- In October 2020, all top economies that have reported their data, apart from China and Japan (+2.9% yoy), show a decrease in exports ranging from -3.8% for South Korea, -6.9% for Canada, -7.0% for the US to -9.3% for Brazil. it is worth to point out that South Korea showed a yoy increase of 7.3% in September 2020.
- Chinese exports show a consistent increase over 2019 levels from June 2020 onwards. The yoy increase was close to 10% in August and September 2020 and reached an impressive 11.3% in October 2020.
- The only top economy to have already reported data for November 2020 is Brazil. The readout is pointing to a yoy decrease of only 1.2%. the situation in Brazil is improving from September 2020 onwards.
- Overall, trends observed in the real value of exports for the top 10 economies point to a gradual improvement of the situation in Q3 and Q4 2020. Sharper recovery is predicted for Q1/Q2 of 2021.
- In September 2020, three economies reported a rebound in imports yoy: China (+13.6%), South Korea (+1.6%), and the UK (+0.4%). The most significant decreases were reported for Japan (-15.9%), India (-19.6%), and Brazil (-25.5%).
- The available readouts for October 2020 show an increase only in the case of China (+5.2%). The value of US imports was equal to their 2019 values for the first month in the year (with a clear upward trend from May 2020 onwards). The worst situation was reported for Brazil -27.3% yoy, interestingly the situation deteriorated in South Korea (similarly to exports).
- Similar to exports, Brazil is reporting a significant yoy improvement in its imports - with a fall of -2.6%.
Prospects for the Forthcoming Months
- The adjusted manufacturing PMI new exports orders for manufacturing (PMI NExO) readouts for November 2020 are above 50.0 points for all the top 10 states apart from Japan and are pointing to a global recovery for the third month in a row.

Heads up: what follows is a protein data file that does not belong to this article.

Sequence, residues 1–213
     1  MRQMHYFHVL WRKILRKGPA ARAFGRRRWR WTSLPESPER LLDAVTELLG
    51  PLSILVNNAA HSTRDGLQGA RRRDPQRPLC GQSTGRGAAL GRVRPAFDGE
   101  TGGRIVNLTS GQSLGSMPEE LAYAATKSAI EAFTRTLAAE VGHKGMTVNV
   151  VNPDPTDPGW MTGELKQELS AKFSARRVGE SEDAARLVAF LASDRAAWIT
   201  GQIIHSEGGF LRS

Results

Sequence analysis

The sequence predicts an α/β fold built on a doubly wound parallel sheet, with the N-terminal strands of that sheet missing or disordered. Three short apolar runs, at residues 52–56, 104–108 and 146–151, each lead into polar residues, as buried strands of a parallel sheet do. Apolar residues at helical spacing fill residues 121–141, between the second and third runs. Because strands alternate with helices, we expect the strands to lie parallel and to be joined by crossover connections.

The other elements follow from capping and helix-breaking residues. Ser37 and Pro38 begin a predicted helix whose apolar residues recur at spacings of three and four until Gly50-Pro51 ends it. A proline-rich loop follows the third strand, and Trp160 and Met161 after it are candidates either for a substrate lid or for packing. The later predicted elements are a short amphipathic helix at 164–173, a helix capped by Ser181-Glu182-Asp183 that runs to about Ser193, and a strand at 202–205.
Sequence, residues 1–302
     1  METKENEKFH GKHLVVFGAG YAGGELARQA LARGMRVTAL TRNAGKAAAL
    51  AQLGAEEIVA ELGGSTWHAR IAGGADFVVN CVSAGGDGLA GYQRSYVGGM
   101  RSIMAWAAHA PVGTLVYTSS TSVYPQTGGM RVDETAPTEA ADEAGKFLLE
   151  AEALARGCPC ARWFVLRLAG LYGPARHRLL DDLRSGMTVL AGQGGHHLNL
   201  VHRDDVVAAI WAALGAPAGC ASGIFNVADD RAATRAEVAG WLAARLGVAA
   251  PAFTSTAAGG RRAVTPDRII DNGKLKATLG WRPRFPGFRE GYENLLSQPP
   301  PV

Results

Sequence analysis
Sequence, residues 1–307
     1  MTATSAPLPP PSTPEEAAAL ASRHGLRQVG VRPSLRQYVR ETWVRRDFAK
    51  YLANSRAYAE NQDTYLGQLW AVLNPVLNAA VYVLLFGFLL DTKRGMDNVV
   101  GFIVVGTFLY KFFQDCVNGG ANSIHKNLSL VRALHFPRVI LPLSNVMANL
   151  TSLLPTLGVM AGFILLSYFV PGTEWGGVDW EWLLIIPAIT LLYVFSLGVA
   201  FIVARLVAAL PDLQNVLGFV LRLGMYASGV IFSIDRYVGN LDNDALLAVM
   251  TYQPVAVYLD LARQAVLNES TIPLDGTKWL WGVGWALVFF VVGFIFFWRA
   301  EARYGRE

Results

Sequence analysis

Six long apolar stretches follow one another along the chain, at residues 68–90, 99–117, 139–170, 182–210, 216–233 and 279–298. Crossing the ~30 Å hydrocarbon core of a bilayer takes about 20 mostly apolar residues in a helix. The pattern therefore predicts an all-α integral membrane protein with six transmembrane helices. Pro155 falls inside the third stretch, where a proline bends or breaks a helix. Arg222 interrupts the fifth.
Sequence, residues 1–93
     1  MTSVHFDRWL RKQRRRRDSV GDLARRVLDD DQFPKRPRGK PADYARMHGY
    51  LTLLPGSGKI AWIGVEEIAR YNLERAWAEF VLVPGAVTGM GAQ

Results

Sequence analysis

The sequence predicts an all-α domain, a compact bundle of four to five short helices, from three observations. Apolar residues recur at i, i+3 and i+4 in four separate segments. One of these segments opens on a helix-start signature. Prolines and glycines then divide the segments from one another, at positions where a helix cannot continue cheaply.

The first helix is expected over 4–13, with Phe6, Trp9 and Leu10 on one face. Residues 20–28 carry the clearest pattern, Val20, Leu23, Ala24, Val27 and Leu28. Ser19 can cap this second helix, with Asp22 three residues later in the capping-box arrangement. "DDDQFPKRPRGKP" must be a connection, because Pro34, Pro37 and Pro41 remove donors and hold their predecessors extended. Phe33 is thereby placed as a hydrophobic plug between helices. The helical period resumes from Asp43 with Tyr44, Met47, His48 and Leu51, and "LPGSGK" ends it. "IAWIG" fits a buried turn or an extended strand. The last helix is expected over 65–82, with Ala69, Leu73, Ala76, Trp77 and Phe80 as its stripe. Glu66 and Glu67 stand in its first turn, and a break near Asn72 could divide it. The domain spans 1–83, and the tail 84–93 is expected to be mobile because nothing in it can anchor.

- Our prior concerns over the readouts in China and the US in recent months have been unwarranted, November 2020 brought about an improvement with PMI NExO at 50.48 for the US, 53.30 for China (mainland), and 51.72 for the world as a whole. However, we have to note that the PMI NExO dropped in comparison to October's readouts for several other key economies: the EU (-3.13 points), Canada (-2.70), Japan (-1.36), and India (-0.37).
- The PMI NExO readouts for manufacturing point to optimism for the forthcoming months - December 2020 and January 2021.
- The trend in the PMI NExO is clear and consistent showing a gradual improvement in market confidence from May onwards. Global PMI NExO is at the level of 51.72 in November 2020 (51.24 in October).
- The real GDP growth forecasts from IHS Markit Comparative World Overview (published on 17 November 2020) point to a recession in most of the top economies throughout 2020 and Q1 of 2021, apart from China (recovery already in Q2 2020).
- Growth in real GDP for the world as a whole will be equal to -2.2% yoy for Q3 and -2.2% for Q4 of 2020, with a rebound in Q1 2021 to +2.4% and a strong growth impulse of +8.8% only in Q2 2021.
The new release of the GTA Forecasting model